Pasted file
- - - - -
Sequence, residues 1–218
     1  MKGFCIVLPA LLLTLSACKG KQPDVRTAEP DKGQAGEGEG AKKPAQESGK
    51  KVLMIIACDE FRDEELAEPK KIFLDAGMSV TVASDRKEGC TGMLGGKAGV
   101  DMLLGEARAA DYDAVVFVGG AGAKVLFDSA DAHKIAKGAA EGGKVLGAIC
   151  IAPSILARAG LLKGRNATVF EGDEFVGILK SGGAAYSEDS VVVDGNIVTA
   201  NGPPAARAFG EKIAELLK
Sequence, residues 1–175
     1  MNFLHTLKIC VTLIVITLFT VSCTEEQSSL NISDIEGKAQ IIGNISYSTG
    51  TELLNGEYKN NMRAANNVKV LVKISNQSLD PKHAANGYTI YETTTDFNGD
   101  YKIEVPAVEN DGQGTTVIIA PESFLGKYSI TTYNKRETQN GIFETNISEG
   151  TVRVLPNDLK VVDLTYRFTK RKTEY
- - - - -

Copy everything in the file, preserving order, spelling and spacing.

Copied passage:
Sequence, residues 1–218
     1  MKGFCIVLPA LLLTLSACKG KQPDVRTAEP DKGQAGEGEG AKKPAQESGK
    51  KVLMIIACDE FRDEELAEPK KIFLDAGMSV TVASDRKEGC TGMLGGKAGV
   101  DMLLGEARAA DYDAVVFVGG AGAKVLFDSA DAHKIAKGAA EGGKVLGAIC
   151  IAPSILARAG LLKGRNATVF EGDEFVGILK SGGAAYSEDS VVVDGNIVTA
   201  NGPPAARAFG EKIAELLK
Sequence, residues 1–175
     1  MNFLHTLKIC VTLIVITLFT VSCTEEQSSL NISDIEGKAQ IIGNISYSTG
    51  TELLNGEYKN NMRAANNVKV LVKISNQSLD PKHAANGYTI YETTTDFNGD
   101  YKIEVPAVEN DGQGTTVIIA PESFLGKYSI TTYNKRETQN GIFETNISEG
   151  TVRVLPNDLK VVDLTYRFTK RKTEY